April’s full moon, or Pink Moon named for the brilliant-pink flowers blooming in early spring will bathe the sky in bright moonlight this Saturday (April 16). Pink Moon: Complete details about this weekend’s rare supermoon.
The Pink Moon (supermoon) will be fully illuminated for just a moment, at 2:55 p.m. EDT (18:55 GMT), but it will appear full for three days in total: From Friday morning (April 15) through early Monday (April 18), according to NASA.
In other words, this will be “a full moon weekend,” Gordon Johnston, a program executive in the Science Mission Directorate at NASA Headquarters in Washington, D.C., wrote in the NASA statement. The full moon occurs about once a month when the sun, Earth and moon line up on an imaginary 180-degree line.
The moon’s orbit is about 5 degrees different than Earth’s, so it is usually a little higher or lower than Earth’s shadow, which allows the sun’s rays to illuminate its nearside, or the side facing Earth, Andrea Jones, a science communicator at NASA, previously told Live Science in a video interview. Sometimes during a full moon, part or all of Earth’s shadow falls on the moon, making it a lunar eclipse.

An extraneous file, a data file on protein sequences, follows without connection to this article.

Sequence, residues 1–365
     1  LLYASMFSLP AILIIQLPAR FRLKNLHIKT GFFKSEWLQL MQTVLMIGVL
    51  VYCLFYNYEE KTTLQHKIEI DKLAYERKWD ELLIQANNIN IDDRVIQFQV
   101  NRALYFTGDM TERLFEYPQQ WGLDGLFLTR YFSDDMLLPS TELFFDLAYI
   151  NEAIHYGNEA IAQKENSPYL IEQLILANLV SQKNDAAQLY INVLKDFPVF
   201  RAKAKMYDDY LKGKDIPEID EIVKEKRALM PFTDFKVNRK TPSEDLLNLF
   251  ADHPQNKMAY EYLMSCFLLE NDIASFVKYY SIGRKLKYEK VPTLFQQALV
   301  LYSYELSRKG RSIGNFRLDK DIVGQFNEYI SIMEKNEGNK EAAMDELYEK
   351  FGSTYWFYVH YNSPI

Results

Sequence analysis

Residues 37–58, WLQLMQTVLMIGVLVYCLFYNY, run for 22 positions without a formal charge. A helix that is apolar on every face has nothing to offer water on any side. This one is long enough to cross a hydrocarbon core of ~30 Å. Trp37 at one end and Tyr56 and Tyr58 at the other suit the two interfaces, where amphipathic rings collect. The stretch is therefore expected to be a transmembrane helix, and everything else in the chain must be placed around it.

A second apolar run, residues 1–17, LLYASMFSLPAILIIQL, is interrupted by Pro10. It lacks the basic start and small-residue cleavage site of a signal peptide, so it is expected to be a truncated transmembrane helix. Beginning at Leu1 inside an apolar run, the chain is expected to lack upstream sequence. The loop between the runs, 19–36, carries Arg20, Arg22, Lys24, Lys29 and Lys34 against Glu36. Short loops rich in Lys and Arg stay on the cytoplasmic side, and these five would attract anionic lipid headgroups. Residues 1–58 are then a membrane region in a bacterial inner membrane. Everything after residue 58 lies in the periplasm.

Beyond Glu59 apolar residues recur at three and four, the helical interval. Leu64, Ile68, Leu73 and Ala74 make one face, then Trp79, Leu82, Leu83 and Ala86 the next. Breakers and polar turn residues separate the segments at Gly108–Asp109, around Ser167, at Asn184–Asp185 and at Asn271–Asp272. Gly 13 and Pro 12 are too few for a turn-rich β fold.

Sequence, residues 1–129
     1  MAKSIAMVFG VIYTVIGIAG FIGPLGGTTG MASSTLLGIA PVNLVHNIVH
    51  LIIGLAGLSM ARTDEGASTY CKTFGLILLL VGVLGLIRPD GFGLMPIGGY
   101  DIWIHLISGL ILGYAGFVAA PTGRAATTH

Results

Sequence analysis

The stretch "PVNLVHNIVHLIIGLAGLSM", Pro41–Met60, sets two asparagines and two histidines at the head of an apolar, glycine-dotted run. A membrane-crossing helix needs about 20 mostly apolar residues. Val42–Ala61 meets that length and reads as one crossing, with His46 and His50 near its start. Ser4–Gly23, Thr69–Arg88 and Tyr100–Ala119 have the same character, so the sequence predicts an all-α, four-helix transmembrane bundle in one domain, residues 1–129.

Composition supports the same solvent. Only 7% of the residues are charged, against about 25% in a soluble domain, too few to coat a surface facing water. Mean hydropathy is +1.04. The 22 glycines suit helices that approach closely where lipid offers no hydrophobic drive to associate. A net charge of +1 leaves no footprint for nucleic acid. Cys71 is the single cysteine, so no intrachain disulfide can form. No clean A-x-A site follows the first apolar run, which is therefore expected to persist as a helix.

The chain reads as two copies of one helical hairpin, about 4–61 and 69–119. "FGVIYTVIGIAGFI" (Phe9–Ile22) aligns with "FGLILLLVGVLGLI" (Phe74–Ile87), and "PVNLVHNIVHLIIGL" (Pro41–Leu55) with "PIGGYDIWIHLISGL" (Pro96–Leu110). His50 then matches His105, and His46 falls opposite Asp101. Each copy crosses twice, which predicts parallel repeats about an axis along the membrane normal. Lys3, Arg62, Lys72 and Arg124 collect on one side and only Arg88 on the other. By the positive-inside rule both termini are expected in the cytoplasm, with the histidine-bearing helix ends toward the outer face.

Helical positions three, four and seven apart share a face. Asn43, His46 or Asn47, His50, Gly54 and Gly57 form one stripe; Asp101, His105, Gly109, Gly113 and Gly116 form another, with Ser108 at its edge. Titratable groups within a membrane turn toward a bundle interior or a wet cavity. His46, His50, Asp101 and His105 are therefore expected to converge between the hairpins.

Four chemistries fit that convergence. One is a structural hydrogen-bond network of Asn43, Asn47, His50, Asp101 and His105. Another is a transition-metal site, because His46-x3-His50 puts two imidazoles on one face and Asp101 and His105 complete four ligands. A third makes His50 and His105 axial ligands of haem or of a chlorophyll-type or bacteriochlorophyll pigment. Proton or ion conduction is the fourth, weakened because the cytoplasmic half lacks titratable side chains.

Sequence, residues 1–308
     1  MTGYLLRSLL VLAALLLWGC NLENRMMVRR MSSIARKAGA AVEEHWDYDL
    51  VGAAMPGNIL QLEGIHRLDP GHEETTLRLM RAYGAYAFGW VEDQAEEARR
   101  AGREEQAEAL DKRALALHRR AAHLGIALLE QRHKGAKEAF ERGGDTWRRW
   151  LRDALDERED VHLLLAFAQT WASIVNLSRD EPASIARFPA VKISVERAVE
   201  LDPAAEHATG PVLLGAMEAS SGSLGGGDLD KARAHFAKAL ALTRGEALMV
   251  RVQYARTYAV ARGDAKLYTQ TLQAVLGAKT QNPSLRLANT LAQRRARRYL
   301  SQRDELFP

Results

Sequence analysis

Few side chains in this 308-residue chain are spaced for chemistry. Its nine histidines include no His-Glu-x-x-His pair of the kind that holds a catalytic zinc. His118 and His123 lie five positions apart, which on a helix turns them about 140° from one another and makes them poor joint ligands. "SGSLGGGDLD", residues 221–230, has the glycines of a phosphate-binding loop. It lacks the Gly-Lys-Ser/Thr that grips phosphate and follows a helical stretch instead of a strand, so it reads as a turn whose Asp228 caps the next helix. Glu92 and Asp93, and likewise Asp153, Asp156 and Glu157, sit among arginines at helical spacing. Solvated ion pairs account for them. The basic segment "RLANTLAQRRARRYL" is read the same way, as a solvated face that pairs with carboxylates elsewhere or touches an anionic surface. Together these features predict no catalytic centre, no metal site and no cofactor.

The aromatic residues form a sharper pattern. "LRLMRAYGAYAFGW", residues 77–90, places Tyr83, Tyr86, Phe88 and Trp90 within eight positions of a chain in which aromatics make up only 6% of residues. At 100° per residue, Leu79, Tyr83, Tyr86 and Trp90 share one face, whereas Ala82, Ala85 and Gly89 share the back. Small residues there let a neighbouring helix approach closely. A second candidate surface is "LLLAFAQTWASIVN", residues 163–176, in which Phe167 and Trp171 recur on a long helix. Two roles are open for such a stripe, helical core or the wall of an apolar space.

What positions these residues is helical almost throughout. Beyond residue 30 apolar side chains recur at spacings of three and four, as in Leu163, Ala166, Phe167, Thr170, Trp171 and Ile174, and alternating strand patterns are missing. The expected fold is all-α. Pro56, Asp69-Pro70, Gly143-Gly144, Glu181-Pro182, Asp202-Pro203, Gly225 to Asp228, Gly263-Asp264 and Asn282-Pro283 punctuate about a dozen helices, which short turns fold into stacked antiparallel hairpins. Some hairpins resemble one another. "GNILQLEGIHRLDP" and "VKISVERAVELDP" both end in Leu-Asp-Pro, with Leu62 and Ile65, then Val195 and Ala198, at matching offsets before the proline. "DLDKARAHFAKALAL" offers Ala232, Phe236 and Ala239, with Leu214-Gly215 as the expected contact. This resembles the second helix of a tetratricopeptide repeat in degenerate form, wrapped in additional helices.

The next lunar eclipse will happen next month, on May 15-16, 2022, when a total lunar eclipse will turn the moon a rusty red, giving it the eerie moniker “blood moon.” The normally white moon turns red because some of the sun’s light goes around Earth.
Where our atmosphere filters out the shorter wavelengths, such as blue and purple, but allows red and orange wavelengths through, meaning they can reach the moon and turn it burgundy, Live Science previously reported.
May’s total lunar eclipse will be visible from parts of North and South America, Europe, Africa and Asia, according to timeanddate.com. April’s Pink Moon will also be a sight to behold. While it won’t actually appear pink, it gets its name from the flower herb moss pink, also called creeping phlox, moss phlox or mountain phlox, a plant native to the eastern U.S. that blooms in early spring, according to NASA.
Other names for April’s moon include Sprouting Grass Moon, the Egg Moon and Fish Moon, as this is when shad historically swim upstream to spawn, according to the Maine Farmer’s Almanac, as reported by NASA.